your doctor deals with health insurance all the time, you may fairly assume
that he or she knows more about it than you do.
However, with all of the different types of insurance available, you simply
can't depend on your doctor's ability to know what every single type of
policy will or won't cover. The increasing complexity of procedures on
health insurance claims has led many doctors to hire full-time staff members
whose sole responsibility is processing such claims. Ultimately, you're
responsible for understanding how your insurance works.
On the other hand, there are times when you'll be able to work with your
doctor to ensure that your insurance will cover your medical costs. In some
cases, whether you have coverage will depend on how your doctor diagnoses
your medical condition. By telling your doctor what's covered and what's
not, you may get the diagnosis you need so as to get your claim paid.
Dealing with denial
Despite your best efforts, your insurance company may deny your claim.
The first thing to do is to review what your insurer sends you, along with
your medical bills, in search of erroneous charges or incorrect coding of
expenses. If your denial letter doesn't clearly state the company's reason
for denying your claim, call your insurer and have the company explain it.
Keep records of who you spoke with and what was said. In many cases, your
insurer may be willing to correct a simple mistake without much work.
If, however, you find no such errors and the denial appears to be for a
valid reason, you should request a formal appeal from your insurance
company. Each company has slightly different rules for appeals, but many
have fixed deadlines, so don't delay if you choose to file an appeal.
If you lose your appeal, some state governments provide additional oversight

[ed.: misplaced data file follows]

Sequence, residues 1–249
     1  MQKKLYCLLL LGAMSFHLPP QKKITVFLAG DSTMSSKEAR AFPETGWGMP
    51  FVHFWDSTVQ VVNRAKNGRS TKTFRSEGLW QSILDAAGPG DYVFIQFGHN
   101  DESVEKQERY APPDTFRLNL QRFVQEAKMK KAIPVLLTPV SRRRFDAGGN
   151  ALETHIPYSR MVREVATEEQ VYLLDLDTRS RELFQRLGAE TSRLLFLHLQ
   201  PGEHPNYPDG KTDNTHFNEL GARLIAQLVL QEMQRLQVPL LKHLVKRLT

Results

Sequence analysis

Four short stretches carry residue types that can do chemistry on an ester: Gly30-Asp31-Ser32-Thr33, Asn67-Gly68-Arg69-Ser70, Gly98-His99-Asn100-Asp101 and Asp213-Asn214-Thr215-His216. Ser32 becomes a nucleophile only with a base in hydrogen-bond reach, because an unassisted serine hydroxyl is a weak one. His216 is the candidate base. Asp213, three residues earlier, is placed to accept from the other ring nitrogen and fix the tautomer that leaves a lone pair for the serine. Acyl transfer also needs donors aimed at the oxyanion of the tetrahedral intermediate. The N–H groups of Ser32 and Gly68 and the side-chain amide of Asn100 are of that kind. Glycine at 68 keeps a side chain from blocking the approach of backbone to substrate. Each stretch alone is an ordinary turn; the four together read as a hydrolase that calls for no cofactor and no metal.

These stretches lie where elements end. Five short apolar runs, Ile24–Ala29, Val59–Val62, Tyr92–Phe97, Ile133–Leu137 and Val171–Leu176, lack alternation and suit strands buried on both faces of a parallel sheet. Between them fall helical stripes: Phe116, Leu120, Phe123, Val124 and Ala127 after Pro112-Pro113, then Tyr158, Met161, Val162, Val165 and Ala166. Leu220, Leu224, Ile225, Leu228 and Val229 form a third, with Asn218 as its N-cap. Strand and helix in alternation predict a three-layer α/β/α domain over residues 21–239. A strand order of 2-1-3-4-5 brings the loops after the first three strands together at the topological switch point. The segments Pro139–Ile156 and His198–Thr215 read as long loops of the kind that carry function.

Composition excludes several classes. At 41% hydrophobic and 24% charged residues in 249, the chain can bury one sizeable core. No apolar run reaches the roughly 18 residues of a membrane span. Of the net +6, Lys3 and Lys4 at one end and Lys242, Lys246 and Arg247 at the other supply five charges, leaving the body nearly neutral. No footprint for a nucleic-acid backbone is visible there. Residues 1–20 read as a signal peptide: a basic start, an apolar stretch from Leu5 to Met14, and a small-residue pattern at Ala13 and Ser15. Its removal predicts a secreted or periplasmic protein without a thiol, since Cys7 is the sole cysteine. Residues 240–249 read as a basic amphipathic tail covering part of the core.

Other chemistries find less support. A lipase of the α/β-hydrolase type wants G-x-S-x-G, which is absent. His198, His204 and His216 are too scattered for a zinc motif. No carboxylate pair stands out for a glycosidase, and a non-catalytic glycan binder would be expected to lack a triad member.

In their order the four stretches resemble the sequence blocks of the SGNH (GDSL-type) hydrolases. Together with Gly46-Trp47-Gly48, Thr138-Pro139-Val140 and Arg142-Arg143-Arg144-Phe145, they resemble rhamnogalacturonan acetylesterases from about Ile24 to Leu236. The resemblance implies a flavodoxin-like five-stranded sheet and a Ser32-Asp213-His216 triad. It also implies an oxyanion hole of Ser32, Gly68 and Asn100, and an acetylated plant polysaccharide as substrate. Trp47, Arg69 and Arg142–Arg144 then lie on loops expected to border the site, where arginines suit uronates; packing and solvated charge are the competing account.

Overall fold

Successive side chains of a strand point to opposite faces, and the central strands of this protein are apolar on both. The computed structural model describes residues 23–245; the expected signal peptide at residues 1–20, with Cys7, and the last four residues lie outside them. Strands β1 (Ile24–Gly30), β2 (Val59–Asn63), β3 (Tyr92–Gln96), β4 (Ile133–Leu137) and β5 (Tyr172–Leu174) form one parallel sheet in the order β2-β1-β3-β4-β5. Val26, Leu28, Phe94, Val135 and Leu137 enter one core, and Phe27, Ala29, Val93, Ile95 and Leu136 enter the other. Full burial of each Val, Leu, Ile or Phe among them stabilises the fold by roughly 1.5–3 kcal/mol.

over health insurance plans. Check with your state's insurance department to
get additional assistance with your claims process. You may be able to
obtain an independent review of the merits of your claim by people outside
your insurance company. If you have coverage through your employer, you can
also check with your state's labor or workforce department to see whether
they offer a separate appeals process.
Given the difficulty that many health professionals have in navigating their
way through the vagaries of health insurance, you shouldn't feel bad if you
don't immediately understand everything about your policy. The main point,
however, is that because you're paying for your health insurance coverage,
you should get everything you're entitled to receive. Although that doesn't
mean your insurance company will pay every single medical expense, it's
usually worth the time and effort to stand up and fight if your insurer
unfairly denies a legitimate claim.
What About My Health Insurance??!
The Whole World Is Worried
Not Your Parents' Retirement
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Fool contributor Dan Caplinger has fought health-insurance denials with
mixed success. He doesn't own shares of the companies mentioned in this
article. The Fool's disclosure policy works in sickness and in health.
© 2007 MSNBC.com